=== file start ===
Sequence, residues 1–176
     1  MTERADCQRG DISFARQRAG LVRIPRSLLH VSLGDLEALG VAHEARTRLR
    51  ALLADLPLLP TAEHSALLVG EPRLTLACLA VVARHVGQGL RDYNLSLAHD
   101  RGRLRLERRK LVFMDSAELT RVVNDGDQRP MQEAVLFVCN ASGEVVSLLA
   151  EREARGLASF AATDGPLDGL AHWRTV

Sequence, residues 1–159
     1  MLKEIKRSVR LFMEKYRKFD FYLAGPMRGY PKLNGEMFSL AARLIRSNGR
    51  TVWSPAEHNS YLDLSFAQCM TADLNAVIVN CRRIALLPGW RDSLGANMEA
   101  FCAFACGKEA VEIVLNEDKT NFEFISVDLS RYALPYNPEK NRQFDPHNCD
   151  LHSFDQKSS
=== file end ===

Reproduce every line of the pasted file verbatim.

Sequence, residues 1–176
     1  MTERADCQRG DISFARQRAG LVRIPRSLLH VSLGDLEALG VAHEARTRLR
    51  ALLADLPLLP TAEHSALLVG EPRLTLACLA VVARHVGQGL RDYNLSLAHD
   101  RGRLRLERRK LVFMDSAELT RVVNDGDQRP MQEAVLFVCN ASGEVVSLLA
   151  EREARGLASF AATDGPLDGL AHWRTV

Sequence, residues 1–159
     1  MLKEIKRSVR LFMEKYRKFD FYLAGPMRGY PKLNGEMFSL AARLIRSNGR
    51  TVWSPAEHNS YLDLSFAQCM TADLNAVIVN CRRIALLPGW RDSLGANMEA
   101  FCAFACGKEA VEIVLNEDKT NFEFISVDLS RYALPYNPEK NRQFDPHNCD
   151  LHSFDQKSS